**Question:** In the match problem of Example 2.31 involving n, n > 1, individuals, find the conditional expected number of matches given that the first person did not have a match.

**Analytical Solution:** As we see from the the problem’s description, 2.31 has been reiterated with a condition. This can be solved by applying the method of the conditional expectations

E[X] = E[E[X|X=x]]

⇒ E[X] = E[X|X_{1}=0] P{X_{1}=0} + E[X|X_{1}=1] P{X_{1}=1}

- E[X] = 1 (from problem 2.31)
- E[X|X
_{1}=0] is an unknown - P{X
_{1}=0} = 1-P{X_{1}≠1} = 1 –^{1}⁄_{n}=^{n-1}⁄_{n} - E[X|X
_{1}=1]- Since the first one is a match and there are n-1 left, the probability of match of each of them is
^{1}⁄_{n-1} - The expected number of matches from the set of n-1 would be then equal to one
- Since the first one is already a match, the quantity E[X|X
_{1}=1] = 1 + 1 = 2

- Since the first one is a match and there are n-1 left, the probability of match of each of them is
- P{X
_{1}=1} =^{1}⁄_{n}(from problem 2.31)

Plugging these in the equality above, we get E[X|X_{1}=0] = ^{n-2}⁄_{n-1}

Observations:

- There is one significant change of the expected value as compared to scenario 2.31
- In 2.31, the expected value was a constant
- With a condition that the first one is not a match, the probability has become a function of the number of items (or hats)
- This would give us a variable number of hats to make additional observations in the simulation (which is the next section)

**Simulations **The simulations have been summarized in the chart below. What is being shown in the chart?

- Each bar has 1000 points
- each point is mean value of the number of matches for i iterations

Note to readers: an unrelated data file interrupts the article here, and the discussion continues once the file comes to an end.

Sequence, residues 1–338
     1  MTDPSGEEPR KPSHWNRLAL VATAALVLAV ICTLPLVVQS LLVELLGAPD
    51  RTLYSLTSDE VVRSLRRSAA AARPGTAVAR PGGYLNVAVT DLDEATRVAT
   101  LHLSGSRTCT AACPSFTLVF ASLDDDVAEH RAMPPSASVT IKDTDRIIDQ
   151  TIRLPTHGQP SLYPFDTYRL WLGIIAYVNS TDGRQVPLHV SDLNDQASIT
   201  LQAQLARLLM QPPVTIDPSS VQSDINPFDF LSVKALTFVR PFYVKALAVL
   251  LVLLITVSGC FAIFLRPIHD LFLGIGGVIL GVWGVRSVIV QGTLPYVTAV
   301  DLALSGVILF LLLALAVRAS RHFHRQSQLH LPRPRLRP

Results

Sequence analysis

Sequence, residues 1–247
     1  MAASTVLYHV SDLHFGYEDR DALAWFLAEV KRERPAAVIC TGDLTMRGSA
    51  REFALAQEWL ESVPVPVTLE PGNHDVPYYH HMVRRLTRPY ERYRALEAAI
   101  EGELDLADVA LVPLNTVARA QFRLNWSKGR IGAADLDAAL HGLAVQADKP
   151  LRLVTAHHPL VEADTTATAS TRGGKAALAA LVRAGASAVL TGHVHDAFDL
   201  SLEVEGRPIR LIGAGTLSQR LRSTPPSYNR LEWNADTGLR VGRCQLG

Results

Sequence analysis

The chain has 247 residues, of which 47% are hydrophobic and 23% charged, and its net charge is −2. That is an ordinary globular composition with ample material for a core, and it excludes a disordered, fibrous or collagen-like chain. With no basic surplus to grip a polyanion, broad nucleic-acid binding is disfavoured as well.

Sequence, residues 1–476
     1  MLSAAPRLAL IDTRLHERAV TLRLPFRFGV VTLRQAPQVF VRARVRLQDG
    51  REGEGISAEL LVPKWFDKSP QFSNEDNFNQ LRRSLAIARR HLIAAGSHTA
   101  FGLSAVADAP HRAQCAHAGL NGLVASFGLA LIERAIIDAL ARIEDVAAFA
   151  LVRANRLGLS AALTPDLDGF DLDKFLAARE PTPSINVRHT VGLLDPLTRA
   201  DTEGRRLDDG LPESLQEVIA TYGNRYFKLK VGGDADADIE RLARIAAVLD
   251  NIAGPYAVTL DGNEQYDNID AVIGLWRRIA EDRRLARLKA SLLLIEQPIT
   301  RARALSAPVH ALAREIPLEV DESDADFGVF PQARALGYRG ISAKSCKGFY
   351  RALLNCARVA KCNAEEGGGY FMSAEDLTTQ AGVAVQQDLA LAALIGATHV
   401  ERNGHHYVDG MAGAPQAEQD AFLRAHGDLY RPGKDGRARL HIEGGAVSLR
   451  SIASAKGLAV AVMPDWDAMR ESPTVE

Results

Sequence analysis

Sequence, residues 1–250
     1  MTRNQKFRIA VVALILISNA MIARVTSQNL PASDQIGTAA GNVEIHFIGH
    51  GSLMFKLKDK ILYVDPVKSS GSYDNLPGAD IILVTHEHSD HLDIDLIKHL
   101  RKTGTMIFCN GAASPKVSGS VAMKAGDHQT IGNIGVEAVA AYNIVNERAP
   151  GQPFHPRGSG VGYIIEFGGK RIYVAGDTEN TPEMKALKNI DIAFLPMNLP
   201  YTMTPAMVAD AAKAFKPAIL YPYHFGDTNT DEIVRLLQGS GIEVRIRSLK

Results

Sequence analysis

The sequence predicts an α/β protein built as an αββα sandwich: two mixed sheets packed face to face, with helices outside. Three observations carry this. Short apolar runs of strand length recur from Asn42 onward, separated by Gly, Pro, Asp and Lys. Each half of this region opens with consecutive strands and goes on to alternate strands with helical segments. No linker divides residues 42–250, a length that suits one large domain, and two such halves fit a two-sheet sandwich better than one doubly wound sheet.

- The number of iterations per point can be seen as a number below the bar
- Reading the first bar as an example
- It has number 10 written below it
- This means that each point is the average of 10 values
- Each value is the count of number of matches in a set of alphabets and it has been made sure that that first element is not a match (which is a requirement from the problem statement)

- Horizontal Bar: If you look closely there is a horizontal bar shown in the chart. This has been kept at 0.96
- Why 0.96? Since the alphabet, has 26 letters, the expected value from theory is
^{26-2}⁄_{26-1 }= 0.96

- Why 0.96? Since the alphabet, has 26 letters, the expected value from theory is

*Generalized Algorithm:* In the above example, we have looked at a system with a fixed number of units (hats). I have generalized the “Alphabet” algorithm from previous section to accommodate any list. I used the function to pass lists of increasing lengths and to see how the expected value changes, since, E[X|X_{1}=0] varies with n as ^{n-2}⁄_{n-1 }. This particular simulation took ~30 minutes for completion.

Reading the Chart: The chart has seven distributions shown and we can read it as follows. Each bar contains 1000 points and each point is a mean value generated from a 1000 selections of varying lengths. The length of the list can be seen from the label at the bottom of each of bar

*for example:*The first bar contains a 1000 points and each one of the 1000 points is a mean number of matches from a 1000 selections of length 10. The number 10 can be found at the bottom of the chart as a label- Also there are 7 horizontal lines showing the theoretical expectations
- As n becomes infinity, theoretically the expectation value becomes 1. This seems to be the case from the simulation too.

Comparing with theory. We know that E[X|X_{1}=0] varies with n as ^{n-2}⁄_{n-1 }. We can plot this simply as a function to see the behavior of E[X|X_{1}=0] with n. The plot has been done for lengths of lists from 3 to 25.

**Code**

The code is arranged in sequence for each of the charts

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End of the post 😉

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